SEM observation of the fracture surface of solubilized and sensitized 254SMO, in 3 mol/L sodium chloride at pH 1, showed that in solubilized conditions the fracture was essentially ductile and only a very narrow zone presented transgranular crack (Fig. 6). The sensitized 254 SMO showed a significative cracking transgranular (Fig. 7). The intergranular attack was emphasized because the rupture happened during the night and the specimen remained immersed until next morning.

 

 

 

 

The pitting potential values of sensitized 254 SMO decreased regularly by increasing the chloride concentration and by decreasing the pH value in 3 mol/L sodium chloride solutions. At pH 1 254SMO was in active state. It was observed from SSRT a reduction of the section area by the chemical attack. The same steel only immersed for the same time in this solution results a less intensive corrosion. Thus there was a synergistic corrosion (chemical/tension) in this media.

It must be notice that the sensitization treatment provoked a noticeable modification on the mechanical characteristics of 254 SMO. In Table 3 the % elongation to fracture of the solubilized and sensitized 254 SMO in different solutions are compared. In any case the ductility of sensitized 254 SMO was hardly decreased. In 1 mol/L sodium chloride in which no SCC was observed the % elongation to fracture decreased from 56.5% in the solubilized to 32.9% in the sensitized 254 SMO. This last material showed a high ultimate strength resistance, suggesting a hardening due to the precipitation of new phases at grain boundaries. The sensitization treatment produced a transition from the ductile transgranular fracture of solubilized to the transgranular fracture of sensitized material, as Figs. 3, 4, 5 show.

 

 

Zucchi16-17 et al. observed that fluoride anions were more aggressive than chloride to sensitized 304 stainless steel. The results of SSRT in sodium fluoride solutions on sensitized 254SMO showed that also in 1 mol/L sodium fluoride sensitized 254 SMO was immune to SCC (Table 2). The pitting potential values of 254 SMO in sodium fluoride resulted higher than those in sodium chloride, showing that this alloy was very resistant to localized corrosion (pitting and SCC) in fluoride media.

254 SMO was also tested in 3 mol/L sodium chloride solution in the presence of thiosulfate. In fact it is known that the addition of thiosulfate to sodium chloride solutions stimulates the pitting corrosion21-22 and provokes SCC on different alloys. The addition of 0.1 mol/L thiosulfate to 3 mol/L sodium chloride shifted the pitting potential of sensitized 254 SMO towards negative potentials (-250 mV at pH 3). SSRT indicated that sensitized 254 SMO was susceptible to SCC in this environment. Numerous transgranular cracks were present on the gauge section. Figure 8 shows the apex of one of these cracks. Solubilized 254 SMO did not present susceptibility to SCC in this environment.

 

 

 

 

Sensitized 254 SMO was also susceptible to SCC in 5 mol/L sulfuric acid plus 1 mol/L sodium chloride, at 25 °C. The polarization curves showed that the steel was active in this solution. The morphology of the cracks was intergranular (Fig. 10). The influence of stress was evidenced by testing sensitized 254 SMO specimens without any external tension in the same solution, for 68 h (fracture time to SSRT). The specimens at the end of the test were corroded, but the examination of the section with metallographic microscope did not evidence any intergranular attack (Fig. 10).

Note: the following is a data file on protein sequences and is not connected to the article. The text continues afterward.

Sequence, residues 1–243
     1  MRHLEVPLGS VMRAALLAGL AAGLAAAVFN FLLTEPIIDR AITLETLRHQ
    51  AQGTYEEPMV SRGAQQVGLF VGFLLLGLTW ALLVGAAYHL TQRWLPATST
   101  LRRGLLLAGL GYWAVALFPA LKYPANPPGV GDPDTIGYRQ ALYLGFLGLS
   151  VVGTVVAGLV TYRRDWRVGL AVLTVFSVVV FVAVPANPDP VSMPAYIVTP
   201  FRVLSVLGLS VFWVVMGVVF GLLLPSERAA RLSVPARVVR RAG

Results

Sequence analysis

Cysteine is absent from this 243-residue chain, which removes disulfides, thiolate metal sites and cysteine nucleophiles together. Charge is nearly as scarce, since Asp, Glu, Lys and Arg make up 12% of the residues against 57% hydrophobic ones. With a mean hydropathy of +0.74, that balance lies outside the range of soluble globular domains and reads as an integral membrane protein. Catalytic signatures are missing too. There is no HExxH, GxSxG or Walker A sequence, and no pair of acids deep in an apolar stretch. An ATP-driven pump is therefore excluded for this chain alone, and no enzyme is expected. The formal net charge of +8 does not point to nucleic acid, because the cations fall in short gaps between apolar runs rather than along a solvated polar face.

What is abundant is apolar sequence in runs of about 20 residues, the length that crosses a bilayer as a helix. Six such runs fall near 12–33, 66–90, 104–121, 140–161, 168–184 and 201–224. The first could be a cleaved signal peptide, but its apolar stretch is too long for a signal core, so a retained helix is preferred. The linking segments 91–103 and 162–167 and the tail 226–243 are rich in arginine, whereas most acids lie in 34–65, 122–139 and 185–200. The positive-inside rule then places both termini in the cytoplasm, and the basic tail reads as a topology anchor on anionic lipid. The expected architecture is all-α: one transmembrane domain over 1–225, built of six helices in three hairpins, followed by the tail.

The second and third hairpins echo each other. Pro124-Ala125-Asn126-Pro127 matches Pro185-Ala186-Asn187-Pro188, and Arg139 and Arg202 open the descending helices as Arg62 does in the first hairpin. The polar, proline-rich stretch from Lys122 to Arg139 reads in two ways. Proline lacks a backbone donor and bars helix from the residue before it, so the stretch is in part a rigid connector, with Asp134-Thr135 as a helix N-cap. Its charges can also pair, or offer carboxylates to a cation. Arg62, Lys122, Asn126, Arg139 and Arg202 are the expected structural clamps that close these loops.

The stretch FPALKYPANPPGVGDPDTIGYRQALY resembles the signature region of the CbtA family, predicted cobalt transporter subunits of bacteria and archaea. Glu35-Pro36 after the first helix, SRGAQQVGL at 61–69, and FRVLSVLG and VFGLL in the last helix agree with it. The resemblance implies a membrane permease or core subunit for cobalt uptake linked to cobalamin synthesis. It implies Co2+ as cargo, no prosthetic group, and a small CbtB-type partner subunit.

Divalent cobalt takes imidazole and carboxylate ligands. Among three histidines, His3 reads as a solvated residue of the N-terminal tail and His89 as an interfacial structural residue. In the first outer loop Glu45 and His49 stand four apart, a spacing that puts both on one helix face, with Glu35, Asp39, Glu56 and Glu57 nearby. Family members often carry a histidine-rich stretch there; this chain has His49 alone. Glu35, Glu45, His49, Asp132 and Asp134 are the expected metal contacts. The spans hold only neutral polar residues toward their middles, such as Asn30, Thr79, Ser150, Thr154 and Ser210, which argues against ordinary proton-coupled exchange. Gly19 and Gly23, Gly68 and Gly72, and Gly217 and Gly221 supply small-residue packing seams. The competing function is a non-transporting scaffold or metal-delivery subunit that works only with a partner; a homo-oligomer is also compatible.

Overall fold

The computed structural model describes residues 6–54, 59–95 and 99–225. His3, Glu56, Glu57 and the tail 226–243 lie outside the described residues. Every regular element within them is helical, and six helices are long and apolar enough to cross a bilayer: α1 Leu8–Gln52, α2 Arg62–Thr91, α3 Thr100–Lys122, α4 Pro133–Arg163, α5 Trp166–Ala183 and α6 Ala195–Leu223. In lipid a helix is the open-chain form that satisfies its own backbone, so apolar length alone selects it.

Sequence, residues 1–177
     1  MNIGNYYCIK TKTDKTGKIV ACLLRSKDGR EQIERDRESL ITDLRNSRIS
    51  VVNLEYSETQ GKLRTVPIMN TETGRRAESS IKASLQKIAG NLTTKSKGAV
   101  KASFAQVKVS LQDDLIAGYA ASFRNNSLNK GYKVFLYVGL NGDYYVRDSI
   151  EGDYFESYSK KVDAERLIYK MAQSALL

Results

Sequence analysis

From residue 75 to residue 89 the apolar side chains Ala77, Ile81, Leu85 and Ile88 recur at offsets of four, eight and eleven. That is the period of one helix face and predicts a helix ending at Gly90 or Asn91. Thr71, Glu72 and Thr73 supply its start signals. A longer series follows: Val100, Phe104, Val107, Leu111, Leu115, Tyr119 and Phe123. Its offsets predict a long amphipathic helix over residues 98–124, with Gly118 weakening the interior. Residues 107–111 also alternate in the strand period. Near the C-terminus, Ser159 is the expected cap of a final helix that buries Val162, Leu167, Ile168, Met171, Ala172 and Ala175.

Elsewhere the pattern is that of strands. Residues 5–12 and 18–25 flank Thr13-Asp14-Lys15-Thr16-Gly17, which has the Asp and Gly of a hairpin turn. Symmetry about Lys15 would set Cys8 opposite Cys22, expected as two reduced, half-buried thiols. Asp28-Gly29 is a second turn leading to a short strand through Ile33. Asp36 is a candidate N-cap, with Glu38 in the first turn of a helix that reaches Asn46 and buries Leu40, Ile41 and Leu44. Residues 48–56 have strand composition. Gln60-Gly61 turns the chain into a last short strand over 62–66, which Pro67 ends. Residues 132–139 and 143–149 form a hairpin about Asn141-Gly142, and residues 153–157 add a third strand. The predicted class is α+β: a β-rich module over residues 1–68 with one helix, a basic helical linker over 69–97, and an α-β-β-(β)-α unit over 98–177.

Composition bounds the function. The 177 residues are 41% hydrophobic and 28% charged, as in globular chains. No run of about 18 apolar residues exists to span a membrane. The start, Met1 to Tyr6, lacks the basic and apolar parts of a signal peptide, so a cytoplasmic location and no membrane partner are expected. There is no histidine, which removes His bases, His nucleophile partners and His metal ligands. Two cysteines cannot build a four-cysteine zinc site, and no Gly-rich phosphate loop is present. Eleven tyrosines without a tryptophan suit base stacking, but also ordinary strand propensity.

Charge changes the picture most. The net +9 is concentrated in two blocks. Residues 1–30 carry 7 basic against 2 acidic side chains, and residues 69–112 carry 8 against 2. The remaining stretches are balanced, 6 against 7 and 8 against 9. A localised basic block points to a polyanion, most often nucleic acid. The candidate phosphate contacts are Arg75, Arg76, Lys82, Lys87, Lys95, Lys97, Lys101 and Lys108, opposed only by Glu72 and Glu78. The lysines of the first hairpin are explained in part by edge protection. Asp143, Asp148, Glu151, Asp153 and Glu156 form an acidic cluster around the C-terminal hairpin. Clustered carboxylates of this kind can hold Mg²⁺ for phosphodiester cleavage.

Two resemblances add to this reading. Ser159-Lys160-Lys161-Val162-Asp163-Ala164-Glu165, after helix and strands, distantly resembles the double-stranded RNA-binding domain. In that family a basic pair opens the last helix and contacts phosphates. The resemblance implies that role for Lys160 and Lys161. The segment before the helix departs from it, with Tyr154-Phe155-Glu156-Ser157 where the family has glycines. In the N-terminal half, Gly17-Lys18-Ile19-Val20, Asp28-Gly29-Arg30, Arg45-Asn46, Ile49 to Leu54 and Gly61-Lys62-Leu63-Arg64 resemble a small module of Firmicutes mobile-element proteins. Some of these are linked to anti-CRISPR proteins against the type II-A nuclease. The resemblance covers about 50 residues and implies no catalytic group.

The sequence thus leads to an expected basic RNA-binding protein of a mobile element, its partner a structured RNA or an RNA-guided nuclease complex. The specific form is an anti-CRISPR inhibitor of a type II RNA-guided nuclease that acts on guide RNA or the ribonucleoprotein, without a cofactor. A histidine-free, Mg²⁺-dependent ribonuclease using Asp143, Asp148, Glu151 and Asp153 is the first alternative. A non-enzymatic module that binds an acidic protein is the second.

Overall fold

Table 4 reports the results of SSRT performed on Hastelloy C276. The tests were carried out in the more aggressive solutions due to the known high resistance to SCC of this material. Hastelloy C276 showed a remarkable susceptibility to SCC in 3 mol/L sodium chloride at pH = 1 in sensitized condition. Numerous intergranular cracks were evident on the specimens after SSRT (Fig. 11). On the other hand, solubilized Hastelloy C276 did not present SCC in this aggressive medium.

 

 

 

 

Hastelloy C276 was not susceptible to SCC in 3 mol/L sodium chloride in the presence of thiosulfate.

The examination by SEM of the sensitized Hastelloy C276, tested in 5 mol/L sulfuric acid + 1 mol/L sodium chloride showed the presence of some intergranular cracks, not more deep (Fig.12), as the ratio (eA/eI) value equal to 0.9 confirms.

 

 

Hastelloy C276 showed susceptibility to IGSCC, comparable to that of 254 SMO, only in 3 mol/L sodium chloride at pH 1 and a much lower susceptibility in 5 mol/L sulfuric acid + 1 mol/L sodium chloride. Hastelloy C276 was active in these two environments.

Table 5 reports the results of the tests performed on AISI 316L. Solubilized AISI 316L was immune to SCC in 3 mol/L sodium chloride in the absence and in presence of thiosulphate and in 5 mol/L sulfuric acid + 1 mol/L sodium chloride solutions. Sensitized steel, as well as the other two sensitized materials, presented SCC in 3 mol/L sodium chloride pH 1. In this solution the steel was active.

 

 

SCC occurred also on sensitized AISI 316L in 3 mol/L sodium chloride in the presence of thiosulfate at pH 3. In this case the cracks had a mixed inter- and transgranular morphology (Fig. 13)

 

 

The resistance to SCC of sensitized AISI 316L in 5 mol/L sulfuric acid + 1 mol/L sodium chloride was similar to that of sensitized Hastelloy C276. The ratio (eA/eI) value was almost the same (0.91) and only the examination by SEM of the fracture surface evidenced the presence of a not deep zone cracked by SCC (Fig. 14).

 

 

4. Conclusions

Sensitized 254 SMO presents susceptibility to IGSCC only in very acidic solutions (3 mol/L sodium chloride pH = 1 at 80 °C and 5 mol/L sulfuric acid + 1 mol/L sodium chloride at 25 °C). However the resistance of this material is comparable to those of sensitized Hastelloy C276 and AISI 316L.

Sensitized Hastelloy C276 shows a better resistance in 3 mol/L sodium chloride + 0.1 mol/L sodium thiosulphate solutions than that observed for sensitized 254SMO and AISI 316L.

The solubilized alloys do not suffer any type of SCC in the tested solutions.

In spite of different pitting and generalized corrosion resistance for 254SMO SS, 316L SS and Hastelloy C276, the stress corrosion cracking resistances are almost equivalent in there studied media.

These three materials have a good resistance to SCC.

Acknowledgements

The authors grateful to CAPES for research grants and Villares Metals S.A..